Decorating a café arguably calls for a stronger vision than decorating an ordinary house. When it’s your own home you’re working with, it’s often perfectly acceptable to plan your style on a room-by-room basis; the overall cohesiveness of the house as a whole is less important than making sure that each room works by itself. In a café, however, the general concept of the place is more often an obvious thread running through each space in the building, from the seating areas to the bathrooms. This is because cafés tend to have stronger visual themes than houses. The priorities are different; a café just needs to make an impression, not be truly liveable. Unsurprisingly, then, some of the most unusual and striking examples of truly bold design come from the world of coffee and cakes.
This monochrome forest of hat stands is a prime example of a look that would be too intense for day-to-day living, but works just perfectly in the context of a café. The initial idea behind the design is apparent and no compromises have been made in following it through. In a bedroom or livingroom, where allowances would have to be made for the day-to-day business of living, such a strong concept and restrictive colour scheme would be extremely difficult to implement.
The table runners, napkins and even the candle holders on this café’s perfectly colour coordinated terrace have been carefully selected to exactly mirror the vibrant blue of the beautifully cloudless sky above. On the left-hand side of the picture, we can see that the doors and windows of the building itself have been painted in just the same shade, too.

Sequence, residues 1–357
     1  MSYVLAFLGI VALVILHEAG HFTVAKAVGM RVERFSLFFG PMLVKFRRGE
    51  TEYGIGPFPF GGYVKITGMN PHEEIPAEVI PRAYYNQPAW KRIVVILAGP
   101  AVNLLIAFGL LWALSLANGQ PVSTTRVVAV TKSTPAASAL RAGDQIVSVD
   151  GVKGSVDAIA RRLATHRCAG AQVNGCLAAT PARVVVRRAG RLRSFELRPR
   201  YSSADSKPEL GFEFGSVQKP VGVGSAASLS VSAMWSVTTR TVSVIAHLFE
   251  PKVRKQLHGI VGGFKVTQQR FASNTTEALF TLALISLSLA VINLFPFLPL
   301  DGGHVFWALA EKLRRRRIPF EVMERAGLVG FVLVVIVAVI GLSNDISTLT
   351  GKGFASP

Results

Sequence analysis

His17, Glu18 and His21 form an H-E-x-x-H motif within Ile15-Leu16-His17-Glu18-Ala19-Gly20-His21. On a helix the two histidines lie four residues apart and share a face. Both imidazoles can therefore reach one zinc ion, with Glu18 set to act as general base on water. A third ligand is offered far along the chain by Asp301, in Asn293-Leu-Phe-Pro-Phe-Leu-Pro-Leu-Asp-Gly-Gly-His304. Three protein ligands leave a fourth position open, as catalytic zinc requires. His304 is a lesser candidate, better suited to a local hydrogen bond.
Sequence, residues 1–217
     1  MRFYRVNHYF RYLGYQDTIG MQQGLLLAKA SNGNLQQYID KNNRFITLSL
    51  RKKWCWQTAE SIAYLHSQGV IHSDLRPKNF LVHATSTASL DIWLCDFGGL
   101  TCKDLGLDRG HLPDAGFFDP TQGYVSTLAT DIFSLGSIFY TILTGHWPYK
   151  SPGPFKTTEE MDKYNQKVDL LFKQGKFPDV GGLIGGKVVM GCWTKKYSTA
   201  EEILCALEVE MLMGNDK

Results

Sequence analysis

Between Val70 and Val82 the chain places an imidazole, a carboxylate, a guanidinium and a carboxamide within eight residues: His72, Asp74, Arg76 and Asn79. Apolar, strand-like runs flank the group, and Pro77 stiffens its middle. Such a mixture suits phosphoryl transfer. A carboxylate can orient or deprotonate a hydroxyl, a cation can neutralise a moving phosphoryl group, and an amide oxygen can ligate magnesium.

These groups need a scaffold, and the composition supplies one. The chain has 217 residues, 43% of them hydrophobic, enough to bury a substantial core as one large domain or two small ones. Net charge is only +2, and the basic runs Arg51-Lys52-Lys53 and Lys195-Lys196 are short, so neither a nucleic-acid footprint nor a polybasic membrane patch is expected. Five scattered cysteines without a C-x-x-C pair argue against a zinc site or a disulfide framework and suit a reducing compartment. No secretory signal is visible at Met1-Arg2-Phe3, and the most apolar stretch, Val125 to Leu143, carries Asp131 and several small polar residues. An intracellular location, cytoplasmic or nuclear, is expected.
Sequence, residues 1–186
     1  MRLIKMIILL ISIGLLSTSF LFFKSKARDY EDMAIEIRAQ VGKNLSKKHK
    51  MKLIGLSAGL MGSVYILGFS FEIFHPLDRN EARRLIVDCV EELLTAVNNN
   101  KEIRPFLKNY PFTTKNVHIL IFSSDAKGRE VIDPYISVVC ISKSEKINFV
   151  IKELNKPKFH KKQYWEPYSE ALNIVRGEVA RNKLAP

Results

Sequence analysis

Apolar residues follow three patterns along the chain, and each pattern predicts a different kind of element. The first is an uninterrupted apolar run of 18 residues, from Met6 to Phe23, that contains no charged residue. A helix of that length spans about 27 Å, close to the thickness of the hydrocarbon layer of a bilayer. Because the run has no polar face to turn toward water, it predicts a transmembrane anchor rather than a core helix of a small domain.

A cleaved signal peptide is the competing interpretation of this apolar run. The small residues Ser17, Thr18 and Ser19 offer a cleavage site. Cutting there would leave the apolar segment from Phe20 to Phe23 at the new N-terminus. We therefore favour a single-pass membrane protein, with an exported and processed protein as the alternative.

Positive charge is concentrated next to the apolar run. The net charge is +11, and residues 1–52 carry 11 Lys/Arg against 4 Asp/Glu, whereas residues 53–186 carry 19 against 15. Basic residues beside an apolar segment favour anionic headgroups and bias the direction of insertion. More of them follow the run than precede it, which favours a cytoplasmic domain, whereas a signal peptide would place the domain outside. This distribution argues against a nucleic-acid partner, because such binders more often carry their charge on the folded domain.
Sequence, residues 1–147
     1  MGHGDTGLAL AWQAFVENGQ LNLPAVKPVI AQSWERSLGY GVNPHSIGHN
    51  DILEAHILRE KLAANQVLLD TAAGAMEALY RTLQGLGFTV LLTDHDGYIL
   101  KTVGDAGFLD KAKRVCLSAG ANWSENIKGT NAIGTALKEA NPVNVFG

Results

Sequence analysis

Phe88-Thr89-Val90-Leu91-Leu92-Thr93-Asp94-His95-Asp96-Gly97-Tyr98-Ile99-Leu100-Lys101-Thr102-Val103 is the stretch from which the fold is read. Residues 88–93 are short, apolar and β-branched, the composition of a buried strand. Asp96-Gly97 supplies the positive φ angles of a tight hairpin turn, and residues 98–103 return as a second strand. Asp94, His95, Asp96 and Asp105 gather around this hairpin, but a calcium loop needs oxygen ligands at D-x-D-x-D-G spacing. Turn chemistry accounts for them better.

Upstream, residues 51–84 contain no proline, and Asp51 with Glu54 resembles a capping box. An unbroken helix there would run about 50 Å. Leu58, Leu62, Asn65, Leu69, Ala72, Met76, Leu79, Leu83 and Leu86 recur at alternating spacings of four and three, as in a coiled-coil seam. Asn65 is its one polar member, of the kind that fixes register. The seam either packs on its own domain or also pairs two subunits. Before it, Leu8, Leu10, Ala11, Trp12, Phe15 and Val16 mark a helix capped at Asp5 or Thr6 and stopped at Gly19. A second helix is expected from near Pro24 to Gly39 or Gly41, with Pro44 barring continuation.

Here is a café that’s absolutely overflowing with personality – and again, personality that would probably be a little bit too much in a private residence. It’s hard to imagine that fabulous metallic wall looking anything but brash in a family home, but here it’s that underlying confidence that makes the room work. The colour scheme couldn’t be better chosen, with the three key colours – silver, turquoise, and brown – each setting each other off wonderfully.
Candy-coloured and sweetened to perfection, this café has embraced the cute aesthetic to a degree rarely seen outside of a children’s bedroom. And it works. Really remarkably well. One of the stand-out features has to be the beautifully painted exposed brickwork of the countertop seen in the background.
The denim furniture and exposed structural elements in this cafe lend an air of dilapidation to the space. This is counterbalanced, though, by the warm red hue of the brickwork and the careful attention to detail in decorating the place with framed artwork.
Cosy enough to almost be mistaken for a living room, this café has a few quirks that push it into the slightly more outlandish territory of a culinary establishment – such as the wonderfully weird series of animal heads hanging over the fireplace.
There’s a lot to look at in this interesting café, but there can be no doubt about the focal point of the space: the gorgeously ornate ceramic fireplace in the middle. Like so many other items we have seen in this ideabook, it’s one that would be too dominant in the majority of domestic settings, but here it serves as the ideal centrepiece.